Visit to the Palo Duro Canyon, in Amarillo, Texas
I just visited the Palo Duro Canyon State Park, located near Amarillo in the state of Texas. Although I had never heard of this place before, I marked it on my map as soon as I saw it in the travel guides.
The name “Palo Duro” is believed to come from some wood that grew in the valley, and the Spanish conquistadors gave it.
The trip from Oklahoma City to Amarillo in Texas takes almost five hours. I think I had never driven in such wind; the car vibrated constantly, and the gas consumption increased quite a bit. I felt the pressure in my arms from trying to hold the wheel steady.
As I drove across Texas, I thought about the strange history of this region. Amarillo is located in the great plains of northern Texas, with a climate that has extreme temperatures even within the same season. With incredibly strong winds, hailstorms, tornadoes, droughts, floods, and even snow and sandstorms. But even so, this region has always been a very important economic center and, at the same time, a primary crossroads.
This region was part of Mexico, and the first settlers originally named the town Oneida, and later, they changed the name to “Amarillo.” It means yellow in Spanish.
The origin of its name is not very clear. Some people think it comes from the yellow flowers that grow in the desert during the spring. But since I visited the park in winter, I saw that the landscape was completely yellow during this season. Its dry grasslands and the color are more than enough reasons for the name.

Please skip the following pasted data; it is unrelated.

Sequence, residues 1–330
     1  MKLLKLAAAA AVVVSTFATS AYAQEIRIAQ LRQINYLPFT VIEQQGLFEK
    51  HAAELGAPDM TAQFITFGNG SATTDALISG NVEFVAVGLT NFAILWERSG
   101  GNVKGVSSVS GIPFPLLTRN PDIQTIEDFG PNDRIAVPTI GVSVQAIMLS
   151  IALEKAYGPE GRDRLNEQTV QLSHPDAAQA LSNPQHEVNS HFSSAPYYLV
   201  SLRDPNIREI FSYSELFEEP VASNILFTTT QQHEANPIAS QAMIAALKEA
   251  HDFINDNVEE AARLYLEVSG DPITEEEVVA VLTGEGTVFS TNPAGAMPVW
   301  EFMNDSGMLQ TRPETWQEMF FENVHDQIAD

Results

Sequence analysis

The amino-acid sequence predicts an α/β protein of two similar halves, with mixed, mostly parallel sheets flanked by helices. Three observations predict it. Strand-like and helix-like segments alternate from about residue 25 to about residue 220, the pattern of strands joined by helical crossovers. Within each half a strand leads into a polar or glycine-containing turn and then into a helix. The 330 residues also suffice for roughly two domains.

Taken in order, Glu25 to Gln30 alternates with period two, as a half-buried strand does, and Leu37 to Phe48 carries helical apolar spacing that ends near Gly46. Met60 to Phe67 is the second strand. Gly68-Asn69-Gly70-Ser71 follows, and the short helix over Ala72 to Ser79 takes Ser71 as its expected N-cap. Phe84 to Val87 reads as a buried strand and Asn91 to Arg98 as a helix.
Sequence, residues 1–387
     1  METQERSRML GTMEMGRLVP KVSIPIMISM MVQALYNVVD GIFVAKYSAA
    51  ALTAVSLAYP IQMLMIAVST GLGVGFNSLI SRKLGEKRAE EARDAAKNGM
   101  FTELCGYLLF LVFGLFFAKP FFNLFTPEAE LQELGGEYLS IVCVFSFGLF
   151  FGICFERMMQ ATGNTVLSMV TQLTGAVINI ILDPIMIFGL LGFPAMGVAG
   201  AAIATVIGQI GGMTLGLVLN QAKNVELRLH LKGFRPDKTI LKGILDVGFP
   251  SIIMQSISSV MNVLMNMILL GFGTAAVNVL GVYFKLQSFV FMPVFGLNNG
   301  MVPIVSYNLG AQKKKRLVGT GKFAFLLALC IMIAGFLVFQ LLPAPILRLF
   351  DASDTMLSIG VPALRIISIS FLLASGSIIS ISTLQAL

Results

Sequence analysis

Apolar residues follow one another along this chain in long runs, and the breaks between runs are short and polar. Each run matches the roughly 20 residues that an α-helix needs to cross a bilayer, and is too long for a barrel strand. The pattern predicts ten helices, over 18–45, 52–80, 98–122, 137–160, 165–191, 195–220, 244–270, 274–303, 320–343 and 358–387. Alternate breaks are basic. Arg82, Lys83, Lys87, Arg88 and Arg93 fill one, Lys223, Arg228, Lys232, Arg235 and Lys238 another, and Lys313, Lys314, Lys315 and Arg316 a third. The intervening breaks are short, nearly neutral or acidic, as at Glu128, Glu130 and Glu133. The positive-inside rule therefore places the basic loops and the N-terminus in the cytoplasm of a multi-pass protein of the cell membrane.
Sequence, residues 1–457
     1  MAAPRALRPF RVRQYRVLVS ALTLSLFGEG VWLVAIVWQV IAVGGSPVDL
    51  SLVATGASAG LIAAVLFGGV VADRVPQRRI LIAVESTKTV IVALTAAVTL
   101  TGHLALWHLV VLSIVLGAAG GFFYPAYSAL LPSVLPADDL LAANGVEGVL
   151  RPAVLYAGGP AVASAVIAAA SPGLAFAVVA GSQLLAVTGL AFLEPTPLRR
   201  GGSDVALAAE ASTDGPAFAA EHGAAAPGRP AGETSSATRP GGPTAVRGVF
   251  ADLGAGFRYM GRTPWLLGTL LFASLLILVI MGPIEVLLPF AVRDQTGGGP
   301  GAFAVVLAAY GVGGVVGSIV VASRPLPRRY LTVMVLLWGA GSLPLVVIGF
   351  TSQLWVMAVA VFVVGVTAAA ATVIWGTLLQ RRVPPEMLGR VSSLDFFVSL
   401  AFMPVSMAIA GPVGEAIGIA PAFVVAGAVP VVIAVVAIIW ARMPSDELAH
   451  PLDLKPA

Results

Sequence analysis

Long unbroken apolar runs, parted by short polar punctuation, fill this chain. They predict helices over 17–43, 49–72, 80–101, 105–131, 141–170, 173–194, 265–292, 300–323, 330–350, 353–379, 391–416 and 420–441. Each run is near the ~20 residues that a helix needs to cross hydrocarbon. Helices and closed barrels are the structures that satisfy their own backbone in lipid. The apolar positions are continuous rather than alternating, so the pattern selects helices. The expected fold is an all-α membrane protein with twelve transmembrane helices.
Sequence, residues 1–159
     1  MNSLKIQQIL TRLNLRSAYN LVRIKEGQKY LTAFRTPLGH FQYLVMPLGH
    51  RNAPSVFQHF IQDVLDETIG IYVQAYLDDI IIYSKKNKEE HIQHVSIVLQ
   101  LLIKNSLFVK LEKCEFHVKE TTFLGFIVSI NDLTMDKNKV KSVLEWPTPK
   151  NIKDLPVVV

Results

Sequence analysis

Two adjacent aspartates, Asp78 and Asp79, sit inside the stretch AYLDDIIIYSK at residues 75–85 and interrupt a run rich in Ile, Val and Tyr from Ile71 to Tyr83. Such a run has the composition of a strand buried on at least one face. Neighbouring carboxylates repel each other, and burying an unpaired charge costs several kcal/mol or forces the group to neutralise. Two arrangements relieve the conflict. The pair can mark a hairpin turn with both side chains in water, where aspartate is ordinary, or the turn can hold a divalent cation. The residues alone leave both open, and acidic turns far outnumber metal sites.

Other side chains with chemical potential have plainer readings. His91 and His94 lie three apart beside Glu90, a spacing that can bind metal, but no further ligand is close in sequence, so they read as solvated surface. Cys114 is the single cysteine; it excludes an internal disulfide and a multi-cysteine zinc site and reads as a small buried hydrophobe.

When I arrived at Amarillo, I went straight to “Palo Duro Canyon Park.” What surprised me the most was that even a few minutes before reaching the park entrance, I could only see the immensity of the desert. From the road I was driving, it was impossible to see that this gigantic canyon was hiding a few yards away.
Upon reaching the edge, it suddenly appeared in full extent.
The canyon is 120 miles long and has a width of 6 and 20 miles. Its depth is up to 1,000 ft. Incredibly, a canyon of this size can only be seen once you’re practically inside it!
The canyon was formed by the erosion of the “Red River” that was washing the rocks for millions of years and creating the fertile valley at the bottom.
Indigenous communities have inhabited this valley, some so old that it is estimated that they may have lived there more than 12,000 years ago. When the settlers arrived, they obviously wanted to seize the most fertile land and decided to “remove” its inhabitants. In the battle of 1874, they burned their villages and the food reserves they had stored for the winter and killed their horses. The communities could not survive and soon disappeared.
The Palo Duro Canyon became completely dedicated to agriculture and livestock for many years.
As early as the 20th century, during the great depression of the 1930s, the government created national and state parks to provide jobs for unemployed workers. The lands were bought, and the roads and infrastructure were built that are still used by visitors today.
The cattle and the crops left the soil exhausted, but soon, nature recovered its place, and the native species regained the valley.
There are many distinctive desert plants like cacti and some perennials that can be seen all year round. But simultaneously, it’s hard for me to imagine how green the valley can be during spring and summer.
During winter, I really enjoyed seeing dry flowers and seeding plants. They survive the low temperatures and are beautiful little treasures.
The wonderful reddish color of the rocks and earth, the plants’ greens and golds, and the clear skies’ deep blue create an extraordinary sight. All this abundance of colors fades at the end of the day when the sun goes down…
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